By Evelyn Heis, Film & TV Editor
This Sunday evening marked the 76th annual British Academy Film Awards, better known as the BAFTAs, which were held in London’s Royal Festive Hall. Alongside the River Thames, the hall itself, though lavish in its own right, was gleaming with the best directors, actors and creatives of our time. From Michelle Yeoh, Brendan Fraser, and Cate Blanchett, among many other greats, the red carpet welcomed these extraordinary stars in their finest attire.
In just a few weeks, the 95th Academy Awards (aka. The Oscars) will be taking place, so it’s safe to assume that the tension within the industry is pretty high. We’re certainly not in Kansas anymore and have officially entered prestigious award season, and the British Academy Film Awards tonight indeed proved to be rewarding.
For those of you who have better ways of spending your Sundays and missed the Awards ceremony-- unlike me, who anxiously sat through the whole live stream-- worry not because Epigram Film & TV have you covered.
I am honoured to present you with a breakdown of the 76th British Film Academy Awards.
The BAFTAs are a prestigious annual award show to honour the best British and international contributions to film and the industry. Celebrating tremendous talent across various categories, from Best Original Screenplay, Outstanding British Film, and Non-English Language Film to Outstanding Debut by a British Writer, Director or Producer, Rising Star and Best British Short Film, this award show is more significant than the Platty Jubes.
Hosted by the people’s princess, Alison Hammond, and “fashion icon” Richard E. Grant, the 76th BAFTAs ceremony had a vibrant air, propounded by our lively hosts and echoed by the audience’s incessant laughter throughout: “I’m sorry that it took me so long to get on stage. But what could be more British than a delayed train?”
Within the room’s high spirits, however, there was still room to commemorate the late Robbie Coltrane, Olivia Newton-John, William Hurt, and Anne Hetch with an In Memoriam tribute, showing clips of the stars’ best performances, which was incredibly moving.
If I had placed any bets on who I thought would win these awards, I would be seriously indebted. Not that it’s a bad thing, but I was pleasantly surprised- for the most part- with some of tonight’s winners.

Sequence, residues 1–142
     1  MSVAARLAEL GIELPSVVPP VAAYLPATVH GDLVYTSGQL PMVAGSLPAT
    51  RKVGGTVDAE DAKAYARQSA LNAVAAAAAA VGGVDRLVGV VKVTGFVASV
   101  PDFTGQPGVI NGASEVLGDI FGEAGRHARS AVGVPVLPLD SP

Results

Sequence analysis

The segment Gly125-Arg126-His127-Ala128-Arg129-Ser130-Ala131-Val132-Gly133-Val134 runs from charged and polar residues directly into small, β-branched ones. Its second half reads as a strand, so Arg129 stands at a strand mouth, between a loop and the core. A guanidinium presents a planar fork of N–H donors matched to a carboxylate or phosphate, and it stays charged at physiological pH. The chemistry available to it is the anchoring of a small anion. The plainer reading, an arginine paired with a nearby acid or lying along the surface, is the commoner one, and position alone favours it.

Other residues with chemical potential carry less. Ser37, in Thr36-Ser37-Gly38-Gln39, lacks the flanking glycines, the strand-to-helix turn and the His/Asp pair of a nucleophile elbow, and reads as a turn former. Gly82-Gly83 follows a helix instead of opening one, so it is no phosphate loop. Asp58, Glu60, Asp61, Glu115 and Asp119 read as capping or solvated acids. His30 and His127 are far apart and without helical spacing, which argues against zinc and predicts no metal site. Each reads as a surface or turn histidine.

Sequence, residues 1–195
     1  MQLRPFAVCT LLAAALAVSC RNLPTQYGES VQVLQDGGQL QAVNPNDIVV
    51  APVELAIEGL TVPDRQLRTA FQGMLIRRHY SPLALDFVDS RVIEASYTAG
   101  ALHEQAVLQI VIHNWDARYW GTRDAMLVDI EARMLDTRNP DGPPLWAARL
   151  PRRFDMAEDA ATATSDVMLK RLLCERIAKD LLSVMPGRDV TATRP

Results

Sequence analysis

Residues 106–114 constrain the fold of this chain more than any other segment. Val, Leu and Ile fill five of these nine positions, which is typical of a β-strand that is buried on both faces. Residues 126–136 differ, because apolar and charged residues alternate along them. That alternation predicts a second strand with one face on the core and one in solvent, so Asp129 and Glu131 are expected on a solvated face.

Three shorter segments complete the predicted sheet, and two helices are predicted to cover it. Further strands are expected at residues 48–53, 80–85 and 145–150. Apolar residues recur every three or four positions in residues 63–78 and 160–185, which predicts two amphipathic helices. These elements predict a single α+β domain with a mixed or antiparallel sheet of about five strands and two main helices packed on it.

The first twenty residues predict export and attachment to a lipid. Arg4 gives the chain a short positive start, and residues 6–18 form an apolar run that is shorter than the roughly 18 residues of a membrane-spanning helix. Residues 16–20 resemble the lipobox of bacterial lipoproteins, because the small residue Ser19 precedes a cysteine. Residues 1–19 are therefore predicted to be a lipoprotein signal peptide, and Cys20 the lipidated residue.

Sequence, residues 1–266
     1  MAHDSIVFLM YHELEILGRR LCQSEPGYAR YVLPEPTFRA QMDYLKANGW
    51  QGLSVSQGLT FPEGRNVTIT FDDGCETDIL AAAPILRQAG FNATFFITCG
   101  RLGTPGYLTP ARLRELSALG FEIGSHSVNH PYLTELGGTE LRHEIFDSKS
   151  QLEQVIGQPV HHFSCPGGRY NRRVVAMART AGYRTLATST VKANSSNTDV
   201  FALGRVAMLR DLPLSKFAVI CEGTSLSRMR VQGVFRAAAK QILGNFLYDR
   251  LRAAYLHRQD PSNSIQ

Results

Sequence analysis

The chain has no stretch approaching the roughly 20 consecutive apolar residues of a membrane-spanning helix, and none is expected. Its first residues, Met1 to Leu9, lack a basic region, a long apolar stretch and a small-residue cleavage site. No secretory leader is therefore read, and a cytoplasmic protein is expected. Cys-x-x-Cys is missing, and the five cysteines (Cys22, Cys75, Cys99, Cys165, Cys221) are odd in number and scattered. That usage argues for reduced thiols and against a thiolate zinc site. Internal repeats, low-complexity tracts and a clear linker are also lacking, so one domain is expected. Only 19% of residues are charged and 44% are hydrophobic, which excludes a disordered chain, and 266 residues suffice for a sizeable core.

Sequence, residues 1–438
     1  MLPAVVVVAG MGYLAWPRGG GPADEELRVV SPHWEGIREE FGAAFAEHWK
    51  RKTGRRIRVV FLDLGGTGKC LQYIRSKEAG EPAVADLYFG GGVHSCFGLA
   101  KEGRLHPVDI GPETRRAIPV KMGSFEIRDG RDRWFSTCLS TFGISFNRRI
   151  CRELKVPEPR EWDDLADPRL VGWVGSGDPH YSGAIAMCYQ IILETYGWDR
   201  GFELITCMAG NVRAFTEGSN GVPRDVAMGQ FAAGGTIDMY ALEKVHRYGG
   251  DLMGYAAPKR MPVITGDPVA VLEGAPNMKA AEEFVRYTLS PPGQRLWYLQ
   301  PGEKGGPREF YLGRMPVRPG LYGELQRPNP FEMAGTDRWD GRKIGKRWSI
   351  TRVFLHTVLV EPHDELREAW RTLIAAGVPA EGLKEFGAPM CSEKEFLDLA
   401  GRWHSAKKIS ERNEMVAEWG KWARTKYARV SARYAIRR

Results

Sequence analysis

For the Best Film Category, Edward Berger’s All Quiet on the Western Front took the big win, along with SEVEN other awards over the course of the night, including Best Director, Cinematography, Adapted Screenplay and Film Not in the English Language.
The whole cast made their way to the stage and huddled together as Berger delivered his acceptance speech: “First and foremost, I want to thank our fantastic leading actor Felix Kammerer. He had his on screen debut in our film. And without your performance, we would not have had a single nomination. Thank you.”
“I would like to thank BAFTA for honouring us with this amazing prize, especially chosen among all these fantastic fellow filmmakers and nominees. It’s truly an honour, and it makes us very, very proud.”
The nominations for Best Film included Everything, Everywhere, All At Once, The Banshees of Inisherin, Elvis, and Tár.
Anyone who has seen Cate Blanchett in Tár will agree with me when I say that she was truly sensational. The same can be said for tonight, as she gave a heartfelt speech while receiving the Award for Best Leading Actress.
“Thank you so much to BAFTA. This is extraordinary. I, likewise, didn’t prepare anything because it’s been such an extraordinary year for women. I mean, as you’ve seen in those clips, all of my fellow nominees, the conversation with all of you, off the screen and on the screen, has been nothing short of remarkable. And we know that we’re just the tip of the iceberg."
"Every year, these idiosyncratic, remarkable performances just break down the myth that women’s experience is monolithic. Thank you to BAFTA for recognising all of us. We sit in dialogue with one another.”
Viola Davis, for her performance in The Woman King, Ana de Armas. for Blonde and Michelle Yeoh for Everything, Everywhere All At Once, were some of the other female nominees alongside Blanchett.
After the internet has been making fun of his four-year-long (and counting) Southern accent, conspiring whether it’s real or merely a bit, Austin Butler received his first award of the year for his performance as Elvis Presley in Baz Luhrmann’s Elvis.